As the delta variant of the coronavirus spreads through the United States, the possibility of lockdowns is looming.
On Thursday, Senate Minority Leader Mitch McConnell, a Republican from Kentucky, hinted that lockdowns might return if more people don't get vaccinated.
“These shots need to get in everybody’s arms as rapidly as possible, or we're going to be back in a situation in the fall that we don’t yearn for — that we went through last year,” McConnell said.
But are lockdowns, particularly “shelter-in-place” orders, actually effective at slowing the spread of the coronavirus?
Early research suggested that requiring people to stay at home unless they needed to get groceries or seek healthcare was effective. A study in Health Affairs claimed the spread of COVID-19 would have been 10 times worse without shelter-in-place orders in the U.S.
Yet, more recent research has called the effectiveness of shelter-in-place orders into question.
“What our paper finds, and I think what you find if you review the literature and look at the most compelling evidence, these shelter-in-place orders did not have meaningful effects on COVID cases and did not significantly slow the spread of the disease,” said Anthony Fowler, a professor at the Harris School of Public Policy at the University of Chicago and co-author of an article in the Proceedings of the National Academy of Sciences about the effect of shelter-in-place orders on the spread of COVID-19. “The most likely explanation is that they did not have a very big effect on people’s behavior.”
Fowler and his co-authors examined mobility patterns before and after the orders were imposed in U.S. states. They found that mobility was decreasing — and more people were staying home — before most states imposed shelter-in-place orders. Moreover, mobility only declined slightly after orders went into effect.
Christopher Berry, another co-author with Fowler, emphasized that the article's conclusion was not that shelter-in-place orders were always ineffective.
“We're not saying that sheltering in place voluntarily is ineffective in combating COVID-19. We don’t want people to say, ‘None of this matters. Go about your business.’ We don’t have any evidence to support that,” Berry, who is also a professor at the Harris School of Public Policy at the University of Chicago, said. “We’re just saying that our evidence shows that mandatory lockdowns are not effective.”
Two recent papers from the National Bureau of Economic Research also cast doubt on shelter-in-place orders. The first one found that countries or U.S. states that implemented the orders earlier did not have lower rates of COVID-19 deaths than did places that implemented them later. The second examined consumer mobility and found that most of it declined well before the orders were imposed. However, it also suggested that because most consumer activity declined before the orders were imposed, they had a minimal effect on the economy. The economic decline associated with the pandemic may have been due to people voluntarily sheltering in place.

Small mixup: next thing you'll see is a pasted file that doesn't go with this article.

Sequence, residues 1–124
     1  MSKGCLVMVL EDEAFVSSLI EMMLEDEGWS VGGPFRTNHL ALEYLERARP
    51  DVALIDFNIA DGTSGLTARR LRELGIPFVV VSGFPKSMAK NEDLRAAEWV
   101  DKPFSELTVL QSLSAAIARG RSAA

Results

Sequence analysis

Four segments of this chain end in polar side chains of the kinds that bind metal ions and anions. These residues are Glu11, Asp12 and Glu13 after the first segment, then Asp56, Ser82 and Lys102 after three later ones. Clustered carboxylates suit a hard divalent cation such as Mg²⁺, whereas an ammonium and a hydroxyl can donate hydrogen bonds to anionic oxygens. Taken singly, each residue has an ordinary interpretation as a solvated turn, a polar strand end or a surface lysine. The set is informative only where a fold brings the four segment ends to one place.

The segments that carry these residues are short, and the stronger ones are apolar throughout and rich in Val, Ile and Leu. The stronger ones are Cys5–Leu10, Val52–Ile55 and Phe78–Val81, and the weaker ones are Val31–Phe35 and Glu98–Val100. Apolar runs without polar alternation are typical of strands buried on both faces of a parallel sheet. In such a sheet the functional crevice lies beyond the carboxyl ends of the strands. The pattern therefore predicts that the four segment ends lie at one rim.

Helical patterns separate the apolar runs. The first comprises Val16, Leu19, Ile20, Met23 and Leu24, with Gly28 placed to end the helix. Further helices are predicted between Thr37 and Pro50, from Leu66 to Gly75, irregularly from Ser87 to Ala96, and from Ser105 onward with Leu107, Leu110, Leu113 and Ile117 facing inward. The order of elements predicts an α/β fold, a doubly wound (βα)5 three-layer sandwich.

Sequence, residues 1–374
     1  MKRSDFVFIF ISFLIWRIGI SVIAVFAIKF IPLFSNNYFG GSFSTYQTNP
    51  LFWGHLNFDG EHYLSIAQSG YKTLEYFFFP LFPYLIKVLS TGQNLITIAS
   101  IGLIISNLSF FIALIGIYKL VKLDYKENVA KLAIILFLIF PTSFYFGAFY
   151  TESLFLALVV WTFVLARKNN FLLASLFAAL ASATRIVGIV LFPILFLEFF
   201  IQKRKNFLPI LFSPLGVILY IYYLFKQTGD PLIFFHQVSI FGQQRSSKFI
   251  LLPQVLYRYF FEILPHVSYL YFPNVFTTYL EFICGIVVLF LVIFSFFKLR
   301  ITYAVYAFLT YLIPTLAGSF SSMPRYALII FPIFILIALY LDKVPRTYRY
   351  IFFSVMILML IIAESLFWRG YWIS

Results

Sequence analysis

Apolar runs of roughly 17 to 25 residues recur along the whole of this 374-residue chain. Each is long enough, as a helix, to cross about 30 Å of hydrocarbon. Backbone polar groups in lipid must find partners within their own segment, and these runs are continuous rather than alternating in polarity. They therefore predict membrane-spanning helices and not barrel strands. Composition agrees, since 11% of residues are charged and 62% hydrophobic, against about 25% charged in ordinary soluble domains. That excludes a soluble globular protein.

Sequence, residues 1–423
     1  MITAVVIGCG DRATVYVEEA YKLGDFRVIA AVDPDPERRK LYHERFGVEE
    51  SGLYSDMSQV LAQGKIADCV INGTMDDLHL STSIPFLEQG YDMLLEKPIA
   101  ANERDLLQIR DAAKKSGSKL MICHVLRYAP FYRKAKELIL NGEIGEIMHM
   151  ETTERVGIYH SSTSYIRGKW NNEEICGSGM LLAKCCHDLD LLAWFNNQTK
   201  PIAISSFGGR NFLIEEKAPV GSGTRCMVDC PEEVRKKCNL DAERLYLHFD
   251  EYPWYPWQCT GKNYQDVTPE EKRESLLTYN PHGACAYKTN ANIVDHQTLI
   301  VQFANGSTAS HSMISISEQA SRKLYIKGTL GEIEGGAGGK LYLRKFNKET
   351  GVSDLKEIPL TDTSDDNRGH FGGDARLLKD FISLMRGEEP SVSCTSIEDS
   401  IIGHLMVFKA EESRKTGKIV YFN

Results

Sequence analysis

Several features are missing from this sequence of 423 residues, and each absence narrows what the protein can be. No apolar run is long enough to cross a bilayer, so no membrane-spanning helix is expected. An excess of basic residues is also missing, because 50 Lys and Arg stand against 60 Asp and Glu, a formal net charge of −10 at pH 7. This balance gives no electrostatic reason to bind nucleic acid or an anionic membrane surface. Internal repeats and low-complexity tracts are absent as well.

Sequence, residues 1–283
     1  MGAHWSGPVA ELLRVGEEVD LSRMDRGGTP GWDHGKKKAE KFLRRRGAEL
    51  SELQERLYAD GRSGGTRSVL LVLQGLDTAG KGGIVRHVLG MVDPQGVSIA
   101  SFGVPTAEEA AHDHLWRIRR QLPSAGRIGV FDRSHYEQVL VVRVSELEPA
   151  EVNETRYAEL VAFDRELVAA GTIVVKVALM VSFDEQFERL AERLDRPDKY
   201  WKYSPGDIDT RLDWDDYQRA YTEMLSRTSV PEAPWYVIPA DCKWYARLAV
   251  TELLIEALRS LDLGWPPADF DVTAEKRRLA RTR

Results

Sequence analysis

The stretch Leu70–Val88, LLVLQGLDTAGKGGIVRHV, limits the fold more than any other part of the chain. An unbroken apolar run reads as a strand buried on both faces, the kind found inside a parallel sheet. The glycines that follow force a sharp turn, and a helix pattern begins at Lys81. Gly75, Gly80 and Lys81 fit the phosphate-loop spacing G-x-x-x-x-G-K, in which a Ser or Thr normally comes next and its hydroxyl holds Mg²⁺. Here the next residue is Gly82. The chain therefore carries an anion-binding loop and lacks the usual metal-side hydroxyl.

Berry suggests that there were three basic types of people regarding shelter-in-place orders. There was a large group that was going to shelter voluntarily and socially distance after hearing about the coronavirus and listening to public health experts. There was a second large group that was not going to do those things because they did not appreciate being told what to do, especially by the government. The third group was the one that would change its behavior in response to lockdowns.
“That third group is pretty small, and in a world where the first two groups are the most numerous, the lockdown policy is just not going to have an effect,” Berry said.
Finally, new research is emerging that suggests shelter-in-place orders might actually be counterproductive in that they may do more to spread the coronavirus than prevent it. A new paper by University of Chicago economist Casey Mulligan suggests that large organizations have an incentive to protect their employees and thus impose mitigation protocols such as mask-wearing and social distancing. By contrast, people sheltering at home are not likely to remain isolated for long. Being social creatures, they will eventually invite friends over, throw small parties, and so on. In such gatherings, people have much less incentive to enforce mask-wearing or social distancing. The empirical evidence Mulligan collected suggests that workplaces were safer than households.
Much more research needs to be conducted before we have a definitive answer on the effectiveness of lockdowns on the spread of the coronavirus. But for now, policymakers considering shelter-in-place orders might want to examine other options.
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Original Author: David Hogberg
Original Location: Lockdowns may not be effective at stopping the spread of COVID-19